https://www.theguardian.com/uk/2009/apr/25/police-surveillance-sources-informants

There are now strict protocols for the use of grasses - or covert human intelligence sources, as they are known officially.

Since the bad old days of the 70s and 80s, when the system became discredited and the Crown Prosecution Service refused to touch any "supergrass" cases, the rules have been tightened. New policy guidelines were drawn up by the police and the CPS, and in 2005, with the introduction of the Serious and Organised Crime and Police Act, turning "Queen's evidence" - providing information on a gang or organisation as part of a prosecution case - was given an entire legal framework for extracting and using testimony.

The use of informants is monitored by the Regulation of Investigatory Powers Act 2000. The act's provisions extend to Scotland in cases where a public authority authorises the use of a covert source.

The law is clear that a source has no licence to commit crime. They may, in an authorised operation, infiltrate a criminal conspiracy or be a party to the committing of criminal offences, within the limits recognised by case law and with the approval of the authorising officer. Acting beyond these limits could lead to prosecution. The need to protect the source cannot alter this.

An informant's incentive for giving up information on others is a potential reduction in a sentence and the prospect of payment. The detailed negotiations over reductions in sentences are carried out not by the police but the CPS, in order to distance officers from the process and reduce the risk of corruption.

Immunity from prosecution is granted rarely; a sentence reduction is the normal incentive.

All police forces recognise that covert human intelligence sources are valuable, but they also know that their use carries risks that need to be managed. The Association of Chief Police Officers and HM Customs' manual of standards for covert human intelligence, created in 2004, is held by a police force's director of intelligence, and provides the standards to be adhered to and guidance for all police and customs staff.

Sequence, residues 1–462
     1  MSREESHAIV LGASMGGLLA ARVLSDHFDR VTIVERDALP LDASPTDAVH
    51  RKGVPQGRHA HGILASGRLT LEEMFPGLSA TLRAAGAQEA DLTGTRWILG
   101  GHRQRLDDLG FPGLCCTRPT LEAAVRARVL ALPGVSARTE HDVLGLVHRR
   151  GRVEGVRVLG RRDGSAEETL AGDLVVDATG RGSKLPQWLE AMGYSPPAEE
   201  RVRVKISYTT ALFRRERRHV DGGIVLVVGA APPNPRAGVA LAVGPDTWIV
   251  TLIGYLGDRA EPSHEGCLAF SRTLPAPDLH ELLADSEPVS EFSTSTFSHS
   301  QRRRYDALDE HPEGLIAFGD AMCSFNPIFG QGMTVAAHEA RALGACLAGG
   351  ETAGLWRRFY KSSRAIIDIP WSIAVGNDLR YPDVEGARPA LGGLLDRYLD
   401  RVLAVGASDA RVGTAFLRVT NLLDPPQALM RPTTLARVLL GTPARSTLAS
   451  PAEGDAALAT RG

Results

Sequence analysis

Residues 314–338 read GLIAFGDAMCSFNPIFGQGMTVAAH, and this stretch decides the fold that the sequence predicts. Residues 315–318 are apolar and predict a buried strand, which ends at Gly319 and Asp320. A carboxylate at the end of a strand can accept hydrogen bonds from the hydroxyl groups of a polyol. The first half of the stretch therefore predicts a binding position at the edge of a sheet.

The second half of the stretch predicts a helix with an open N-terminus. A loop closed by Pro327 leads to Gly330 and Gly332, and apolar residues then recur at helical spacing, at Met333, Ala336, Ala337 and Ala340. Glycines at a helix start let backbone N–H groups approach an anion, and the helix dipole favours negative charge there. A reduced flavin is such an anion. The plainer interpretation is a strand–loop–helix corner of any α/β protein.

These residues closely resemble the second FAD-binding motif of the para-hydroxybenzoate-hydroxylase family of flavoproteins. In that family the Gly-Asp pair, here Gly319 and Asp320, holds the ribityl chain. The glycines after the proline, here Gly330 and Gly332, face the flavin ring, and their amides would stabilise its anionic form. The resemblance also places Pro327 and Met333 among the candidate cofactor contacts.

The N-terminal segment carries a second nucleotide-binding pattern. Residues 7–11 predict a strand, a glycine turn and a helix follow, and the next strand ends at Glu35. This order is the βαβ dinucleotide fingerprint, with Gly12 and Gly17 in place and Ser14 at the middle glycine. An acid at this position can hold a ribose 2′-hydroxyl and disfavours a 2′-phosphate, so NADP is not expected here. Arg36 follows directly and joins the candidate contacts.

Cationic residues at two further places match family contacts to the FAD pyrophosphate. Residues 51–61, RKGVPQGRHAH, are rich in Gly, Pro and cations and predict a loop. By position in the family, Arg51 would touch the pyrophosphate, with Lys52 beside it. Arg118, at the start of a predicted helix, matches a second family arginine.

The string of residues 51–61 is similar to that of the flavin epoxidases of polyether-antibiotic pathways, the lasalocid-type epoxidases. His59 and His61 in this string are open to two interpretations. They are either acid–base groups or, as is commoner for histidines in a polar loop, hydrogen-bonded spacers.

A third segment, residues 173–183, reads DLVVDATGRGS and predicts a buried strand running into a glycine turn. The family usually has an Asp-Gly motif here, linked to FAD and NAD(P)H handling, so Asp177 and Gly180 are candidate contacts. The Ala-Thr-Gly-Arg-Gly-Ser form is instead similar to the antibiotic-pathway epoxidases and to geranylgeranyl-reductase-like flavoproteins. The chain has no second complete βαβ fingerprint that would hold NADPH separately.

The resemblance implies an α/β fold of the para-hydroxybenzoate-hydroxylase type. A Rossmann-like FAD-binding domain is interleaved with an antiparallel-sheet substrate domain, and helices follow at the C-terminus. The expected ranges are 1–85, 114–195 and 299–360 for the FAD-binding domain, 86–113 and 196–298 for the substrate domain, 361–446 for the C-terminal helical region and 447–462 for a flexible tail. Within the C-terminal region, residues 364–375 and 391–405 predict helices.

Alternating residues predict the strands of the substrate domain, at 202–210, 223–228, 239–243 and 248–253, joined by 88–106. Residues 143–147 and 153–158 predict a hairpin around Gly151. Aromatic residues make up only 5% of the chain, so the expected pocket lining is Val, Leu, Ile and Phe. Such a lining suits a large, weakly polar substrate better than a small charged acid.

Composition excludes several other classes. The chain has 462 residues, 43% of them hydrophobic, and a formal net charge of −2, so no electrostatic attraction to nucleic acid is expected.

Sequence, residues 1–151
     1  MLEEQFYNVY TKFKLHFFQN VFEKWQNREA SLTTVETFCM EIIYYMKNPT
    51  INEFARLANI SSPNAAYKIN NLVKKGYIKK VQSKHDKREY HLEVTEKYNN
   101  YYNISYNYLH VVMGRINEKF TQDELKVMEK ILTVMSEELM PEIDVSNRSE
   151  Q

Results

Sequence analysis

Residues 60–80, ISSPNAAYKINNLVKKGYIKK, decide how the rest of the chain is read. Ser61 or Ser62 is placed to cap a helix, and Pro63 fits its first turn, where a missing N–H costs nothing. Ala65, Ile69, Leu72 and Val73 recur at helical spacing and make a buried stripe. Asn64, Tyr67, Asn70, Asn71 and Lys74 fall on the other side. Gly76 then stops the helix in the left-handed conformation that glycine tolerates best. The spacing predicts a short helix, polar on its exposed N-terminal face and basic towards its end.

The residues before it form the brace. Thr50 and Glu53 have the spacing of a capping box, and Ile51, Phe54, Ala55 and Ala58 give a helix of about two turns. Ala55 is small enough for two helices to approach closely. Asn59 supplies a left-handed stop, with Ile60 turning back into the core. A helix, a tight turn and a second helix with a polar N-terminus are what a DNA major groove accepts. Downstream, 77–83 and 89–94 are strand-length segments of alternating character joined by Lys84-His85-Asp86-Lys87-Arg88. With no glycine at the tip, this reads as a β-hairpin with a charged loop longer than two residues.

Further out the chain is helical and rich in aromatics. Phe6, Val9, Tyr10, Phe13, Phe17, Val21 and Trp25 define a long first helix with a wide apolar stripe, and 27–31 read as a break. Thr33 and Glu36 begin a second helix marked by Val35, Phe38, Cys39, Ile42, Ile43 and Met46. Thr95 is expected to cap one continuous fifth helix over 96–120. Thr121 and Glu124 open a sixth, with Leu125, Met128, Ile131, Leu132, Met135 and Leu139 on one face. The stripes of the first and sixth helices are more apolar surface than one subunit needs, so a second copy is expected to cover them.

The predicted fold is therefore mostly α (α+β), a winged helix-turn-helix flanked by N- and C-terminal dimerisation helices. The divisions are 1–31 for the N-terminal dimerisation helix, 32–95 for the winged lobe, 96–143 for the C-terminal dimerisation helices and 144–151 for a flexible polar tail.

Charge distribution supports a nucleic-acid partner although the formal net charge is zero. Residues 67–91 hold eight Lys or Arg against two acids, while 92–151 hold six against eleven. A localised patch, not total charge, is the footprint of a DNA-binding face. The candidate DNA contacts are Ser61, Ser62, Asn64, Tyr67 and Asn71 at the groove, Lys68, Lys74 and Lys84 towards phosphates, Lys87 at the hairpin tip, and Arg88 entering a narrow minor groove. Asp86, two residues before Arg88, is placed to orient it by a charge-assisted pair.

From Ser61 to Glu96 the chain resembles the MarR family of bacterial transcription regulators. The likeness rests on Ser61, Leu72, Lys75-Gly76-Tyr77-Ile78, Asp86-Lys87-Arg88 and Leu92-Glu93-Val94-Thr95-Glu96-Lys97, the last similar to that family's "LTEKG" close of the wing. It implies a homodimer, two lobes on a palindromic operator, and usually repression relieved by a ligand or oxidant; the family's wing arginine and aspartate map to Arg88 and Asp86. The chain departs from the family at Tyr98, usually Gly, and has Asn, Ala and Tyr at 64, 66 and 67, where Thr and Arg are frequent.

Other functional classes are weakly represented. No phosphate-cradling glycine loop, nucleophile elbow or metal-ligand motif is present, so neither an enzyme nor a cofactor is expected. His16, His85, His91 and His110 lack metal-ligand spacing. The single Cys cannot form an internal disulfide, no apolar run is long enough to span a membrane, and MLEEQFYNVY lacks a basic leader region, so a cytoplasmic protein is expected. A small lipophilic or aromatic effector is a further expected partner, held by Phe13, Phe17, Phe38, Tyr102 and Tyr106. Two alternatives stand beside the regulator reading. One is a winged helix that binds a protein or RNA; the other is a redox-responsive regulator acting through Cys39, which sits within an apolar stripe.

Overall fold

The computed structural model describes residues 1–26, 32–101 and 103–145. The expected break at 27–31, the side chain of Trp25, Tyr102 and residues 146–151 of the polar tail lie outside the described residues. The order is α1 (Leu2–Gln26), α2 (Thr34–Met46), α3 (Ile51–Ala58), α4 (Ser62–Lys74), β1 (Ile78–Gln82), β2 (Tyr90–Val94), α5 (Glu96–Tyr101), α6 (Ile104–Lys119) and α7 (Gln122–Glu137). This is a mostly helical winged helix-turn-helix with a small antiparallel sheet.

The protocol includes the necessity of recording all handling of an informant, using only trained staff, and ensuring that there is supervision of officers involved.

It also states that the system must be within the continual oversight of designated controllers, supervisors and other defined managers. The system must also be subject to analysis, security checking and constant review.

Queen's Evidence - Immunities, Undertakings and Agreements under the Serious Organised Crime and Police Act 2005 := https://www.cps.gov.uk/legal/p_to_r/queen_s_evidence_-_immunities_undertakings_and_agreements_under_the_serious_organised_crime_and_police_act_2005/

Regulation of Investigatory Powers Act 2000 := http://www.legislation.gov.uk/ukpga/2000/23/contents

Serious Organised Crime and Police Act 2005 := http://www.legislation.gov.uk/ukpga/2005/15/contents

Informant Evidence: Tactics and Strategy, 4 March 2005 :=  http://www.rahmanravelli.co.uk/articles/informant-evidence-tactics-and-strategy/

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Re: Child rapist paid £10k to spy on underage 'sex parties'

Post by Lopsum on Thu Aug 10, 2017 4:08 am

good points AB, looks like the informant could have protected some